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This Week in Content Marketing: Starbucks Announces Next Move as Media Company


PNR: This Old Marketing with Joe Pulizzi and Robert Rose can be found on both iTunes and Stitcher.

In this week’s very special rant episode, Robert and I discuss Starbucks’ move into publishing with its hiring of a prominent Washington Post editor. We wonder if Nokia’s decision to launch a content marketing “campaign” with Wired magazine is a good idea, and ponder whether native advertising is an attractive new revenue stream for publishers – or if it’s making a deal with the devil. Finally, we question the Interactive Advertising Bureau’s (IAB) skewed view of the future of branded content. Raves include discussion of a valuable new formula to measure the impact of content marketing, and why podcasting needs to be evangelized to help it grow faster. We wrap up the show with a #ThisOldMarketing example from Public Accountant magazine.

This week’s show

(Recorded live on March 15, 2015; Length: 56:14)

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1. Content marketing in the news

  • Prominent Washington Post journalist quits to partner with Starbucks (3:18): Rajiv Chandrasekaran, a former Baghdad correspondent who co-authored a book on veterans with Starbucks CEO Howard Schultz, has announced he is leaving the newspaper to form a media company in Seattle. It will produce non-fiction projects about veterans and other issues that are important to the coffee giant. Robert and I applaud Starbucks’ willingness to take a risk on higher-purpose marketing, rather than treating it as a way to sell more cups of premium coffee.
  • Nokia taps Wired for a content marketing campaign (10:15): Nokia’s technology division is paying Wired magazine to produce an editorial-style website called MakeTechHuman that aims “to start a conversation about where technology is taking humanity,” AdAge reports. Topics will likely include security, privacy, and jobs. Robert and I question this joint venture’s duration, which is only one year. Also, if the content is hosted on Wired’s website, Nokia is missing a big opportunity for audience growth.

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  • Don’t avoid native advertising just because it feels icky (18:20): Branded content and native advertising should not be ignored by media outlets just because it makes them feel uncomfortable, warns Justin Ellis, a writer for the Nieman Journalism Lab. Ellis was speaking as part of a panel discussion on new media at the SXSW Conference. There continues to be a lot of wringing of hands about sponsored content. Is it an attractive new revenue stream or is it making a deal with the devil? I believe every media company must reach its own comfort level with it.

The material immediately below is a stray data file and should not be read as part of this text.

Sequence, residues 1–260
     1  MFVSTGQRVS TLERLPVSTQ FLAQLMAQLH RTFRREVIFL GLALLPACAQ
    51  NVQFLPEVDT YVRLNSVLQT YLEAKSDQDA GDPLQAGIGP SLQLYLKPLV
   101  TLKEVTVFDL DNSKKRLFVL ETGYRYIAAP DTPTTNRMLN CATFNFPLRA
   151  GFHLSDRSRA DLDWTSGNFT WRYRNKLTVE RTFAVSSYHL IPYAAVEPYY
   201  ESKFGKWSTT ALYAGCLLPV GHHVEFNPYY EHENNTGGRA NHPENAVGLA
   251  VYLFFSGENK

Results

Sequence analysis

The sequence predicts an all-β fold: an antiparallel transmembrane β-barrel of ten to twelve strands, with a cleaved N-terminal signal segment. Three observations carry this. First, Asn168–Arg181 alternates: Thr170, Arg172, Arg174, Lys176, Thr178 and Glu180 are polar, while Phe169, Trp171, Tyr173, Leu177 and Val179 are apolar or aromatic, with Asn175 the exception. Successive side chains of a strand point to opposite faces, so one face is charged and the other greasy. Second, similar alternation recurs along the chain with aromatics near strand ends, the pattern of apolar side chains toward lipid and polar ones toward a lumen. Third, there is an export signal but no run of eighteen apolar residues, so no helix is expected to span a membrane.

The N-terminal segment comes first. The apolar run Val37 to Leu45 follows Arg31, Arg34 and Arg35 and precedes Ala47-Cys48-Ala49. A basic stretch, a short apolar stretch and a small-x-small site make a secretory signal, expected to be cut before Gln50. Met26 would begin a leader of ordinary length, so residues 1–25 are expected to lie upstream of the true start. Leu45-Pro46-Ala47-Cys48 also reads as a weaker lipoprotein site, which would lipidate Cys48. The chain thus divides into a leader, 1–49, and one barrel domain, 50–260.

• Why branded content is poised to take over (29:10): Adweek recently interviewed Peter Minnium, the IAB’s head of brand initiatives, to talk about the growth of branded content. He answers the question: will publishers, agencies, or brands create the best ads in the future? Robert and I caution that Minnium’s comments provide a one-sided view of the future, very focused on advertising. He doesn’t even touch on the strategy of building an audience using content.

2. Sponsor (36:55)

  • This Old Marketing is sponsored by DigitalRelevance, which increases search visibility, web traffic, and conversions by executing research-driven content marketing, digital PR, and SEO strategies. DigitalRelevance is offering The Media Buyer’s Guide to Sponsored Editorial Content. It includes everything you need to know about sponsored content, from evolution, controversy and regulation to execution tools and a proven buying strategy. It also includes the world’s first research study and statistical analysis to determine fair market value prices for sponsored content. Learn more at

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3. Rants and raves (39:25)

  • Robert’s rave: Robert loves this article from AdvertisingAge, in which author Andy Frawley makes a compelling case for the idea that return on investment (ROI) is dead. It needs to be replaced with a metric that helps marketers measure the impact on experience and engagement. Frawley presents a new metric, ROE2, which stands for “return on experience times engagement,” that can help guide investment in content initiatives. His clear explanation of this new measurement tool aligns well with Robert’s research on this important topic.
  • Joe’s rant: I think Tom Webster’s blog post, Is ‘Podcasting’ Holding Back Podcasting?, is a really interesting take on why this medium isn’t growing faster. He believes it’s an awareness issue: Some organization or association needs to act as a unifying force, evangelizing podcasting and the benefits it provides – in much the same way as CMI united marketers around the term content marketing.

4. This Old Marketing example of the week (49:38)

  • Public Accountant magazine: The Institute of Public Accountants (IPA) is one of three professional accounting organizations in Australia. For the last six years, it has published a bimonthly print magazine called Public Accountant, which has 20,000 subscribers. It contains informative articles from industry experts on taxes, financial services, accounting standards, and professional development. In 2013, IPA launched the Public Accountant digital hub, giving members in Australia and overseas online access to the content from the print magazine, as well as exclusive web-only articles, videos, polls, and news on a more frequent basis. This is an excellent example of an organization that has gone beyond simply converting each print issue of the magazine into a PDF file. It provides IPA members with dynamic information and a knowledge tool they can share with colleagues and their clients. It’s an excellent example of This Old Marketing.
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